Many organizations have given in to the ‘millennial job hopping’ trend and no longer believe that holding on to their hires long-term is a viable people strategy.
Unfortunately, this is a self-fulfilling prophecy as job hopping tends to be the result of an organization's lack of investment in an employee's future. By embracing the trend, employers are only perpetuating the cycle and will miss out on the opportunity to nurture powerful talent through an effective internal mobility strategy.
Recruitment is a reactive process. You see a gap, you hire to fill that gap. It’s not easy, but it is a little more clear-cut than internal mobility.
Internal mobility requires HR to identify the potential of their people, sometimes before a role is even available. You’re helping people grow the skills they will need in the future, rather than hiring someone who already possesses those skills. This makes the process a little unpredictable and therefore, we perceive it to be riskier.
Why internal mobility is worth the investment
If you’re looking for a strategy to help you keep your head above water amidst the Great Resignation, focusing on internal mobility is your ticket.
Firstly, it will impact long-term retention. According to SHRM, employees who received a promotion within the first three years of their tenure have a 70% chance of sticking around for an additional 5 years. And employees who make a lateral movement have a 62% chance.
Secondly, it will save your organization valuable resources. Since implementing its internal mobility platform in 2015 that uses predictive analytics to identify potential internal candidates for open positions within the organization, IBM saved more than $100 million in recruitment-related expenses.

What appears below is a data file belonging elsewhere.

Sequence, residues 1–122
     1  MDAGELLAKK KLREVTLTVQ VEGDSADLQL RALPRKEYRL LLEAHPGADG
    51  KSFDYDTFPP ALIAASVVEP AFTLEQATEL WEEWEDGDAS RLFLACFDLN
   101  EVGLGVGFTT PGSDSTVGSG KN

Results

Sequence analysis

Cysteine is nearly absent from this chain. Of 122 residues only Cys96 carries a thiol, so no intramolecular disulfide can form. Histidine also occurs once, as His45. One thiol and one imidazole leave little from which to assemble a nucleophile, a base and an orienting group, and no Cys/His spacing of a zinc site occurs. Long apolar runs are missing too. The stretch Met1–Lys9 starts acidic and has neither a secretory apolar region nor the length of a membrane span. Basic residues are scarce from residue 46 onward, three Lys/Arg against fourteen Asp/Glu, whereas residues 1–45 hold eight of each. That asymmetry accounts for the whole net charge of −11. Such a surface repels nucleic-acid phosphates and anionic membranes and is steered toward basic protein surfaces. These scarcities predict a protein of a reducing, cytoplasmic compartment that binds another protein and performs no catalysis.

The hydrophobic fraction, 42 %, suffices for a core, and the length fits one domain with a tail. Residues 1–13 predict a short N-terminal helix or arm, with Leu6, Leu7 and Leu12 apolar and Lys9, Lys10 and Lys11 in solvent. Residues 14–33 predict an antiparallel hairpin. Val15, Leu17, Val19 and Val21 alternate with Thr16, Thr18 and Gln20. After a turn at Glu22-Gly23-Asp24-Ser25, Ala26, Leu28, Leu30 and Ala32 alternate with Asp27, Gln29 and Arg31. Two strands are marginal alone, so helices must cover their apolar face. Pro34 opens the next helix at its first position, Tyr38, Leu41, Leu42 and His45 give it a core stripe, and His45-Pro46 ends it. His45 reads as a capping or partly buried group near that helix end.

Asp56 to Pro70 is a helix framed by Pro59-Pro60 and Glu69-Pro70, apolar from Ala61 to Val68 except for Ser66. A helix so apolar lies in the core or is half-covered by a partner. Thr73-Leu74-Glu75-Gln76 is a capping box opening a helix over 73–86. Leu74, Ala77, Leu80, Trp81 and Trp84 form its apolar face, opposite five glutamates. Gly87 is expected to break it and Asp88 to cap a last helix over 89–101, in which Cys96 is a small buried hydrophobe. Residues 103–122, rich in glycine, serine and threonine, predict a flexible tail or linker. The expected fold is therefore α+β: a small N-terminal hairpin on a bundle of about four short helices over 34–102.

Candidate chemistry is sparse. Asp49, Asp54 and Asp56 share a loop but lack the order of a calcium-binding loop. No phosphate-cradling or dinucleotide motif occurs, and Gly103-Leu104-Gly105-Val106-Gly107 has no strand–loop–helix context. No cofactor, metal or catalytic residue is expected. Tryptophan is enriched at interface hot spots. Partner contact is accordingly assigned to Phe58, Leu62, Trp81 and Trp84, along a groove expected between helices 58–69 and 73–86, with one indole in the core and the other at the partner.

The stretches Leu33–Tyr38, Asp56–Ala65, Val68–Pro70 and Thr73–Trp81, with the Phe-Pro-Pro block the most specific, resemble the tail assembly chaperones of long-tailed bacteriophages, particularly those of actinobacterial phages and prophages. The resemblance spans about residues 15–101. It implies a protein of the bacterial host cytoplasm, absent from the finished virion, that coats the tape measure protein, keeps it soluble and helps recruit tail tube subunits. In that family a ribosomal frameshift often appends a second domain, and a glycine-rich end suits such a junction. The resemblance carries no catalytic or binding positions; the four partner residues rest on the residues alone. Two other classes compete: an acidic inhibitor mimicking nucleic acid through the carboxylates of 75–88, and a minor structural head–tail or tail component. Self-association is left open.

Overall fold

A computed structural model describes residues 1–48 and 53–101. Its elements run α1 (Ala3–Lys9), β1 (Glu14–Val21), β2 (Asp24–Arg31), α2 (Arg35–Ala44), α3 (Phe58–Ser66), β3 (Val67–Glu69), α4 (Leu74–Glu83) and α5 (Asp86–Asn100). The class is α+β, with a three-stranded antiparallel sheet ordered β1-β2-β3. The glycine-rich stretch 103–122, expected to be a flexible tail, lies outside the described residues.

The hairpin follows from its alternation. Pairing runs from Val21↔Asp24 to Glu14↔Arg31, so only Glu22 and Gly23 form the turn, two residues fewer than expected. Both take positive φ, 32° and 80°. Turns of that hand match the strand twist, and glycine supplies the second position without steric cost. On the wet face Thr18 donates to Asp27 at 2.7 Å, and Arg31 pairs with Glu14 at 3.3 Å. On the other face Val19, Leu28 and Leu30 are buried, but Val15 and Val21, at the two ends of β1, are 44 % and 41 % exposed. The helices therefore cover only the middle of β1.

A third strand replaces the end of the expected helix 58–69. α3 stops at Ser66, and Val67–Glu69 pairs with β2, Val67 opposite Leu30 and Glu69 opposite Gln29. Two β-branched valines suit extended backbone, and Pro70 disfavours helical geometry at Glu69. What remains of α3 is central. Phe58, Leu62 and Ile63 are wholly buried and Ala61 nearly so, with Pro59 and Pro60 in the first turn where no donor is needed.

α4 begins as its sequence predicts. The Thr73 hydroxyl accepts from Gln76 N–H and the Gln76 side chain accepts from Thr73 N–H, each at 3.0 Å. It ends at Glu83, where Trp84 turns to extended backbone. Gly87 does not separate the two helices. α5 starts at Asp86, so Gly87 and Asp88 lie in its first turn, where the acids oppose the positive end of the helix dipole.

Thirdly, it will boost employee engagement. LinkedIn’s 2021 Workplace Learning Report revealed that internal movers are 3.5 times more likely to be engaged with their organization than those who stay in their existing role.
And finally, it will greatly reduce the drop in productivity associated with bringing on new hires. Reports vary, but on average it takes a new hire 5 to 8 months to become productive in a new role. For an internal mover familiar with your organizations existing culture, policies and tech stack, the learning curve is greatly diminished. Data backs this up with 69% of surveyed HR professionals agreeing that internal mobility accelerates productivity.
So what next?_
Hopefully, this article has helped to clarify your understanding of the importance of an effective internal mobility strategy. The benefits to both your people and your business are undeniable and long term you’re likely to see an enormous improvement in your retention.
But we’re not done!
Now it’s time to think about crossboarding. The process of settling an internal mover into their new role within the company. Think of it like onboarding with a twist. The two processes are similar, with a few key differences. To help you get to grips with effective crossboarding, take a look at our introductory guide…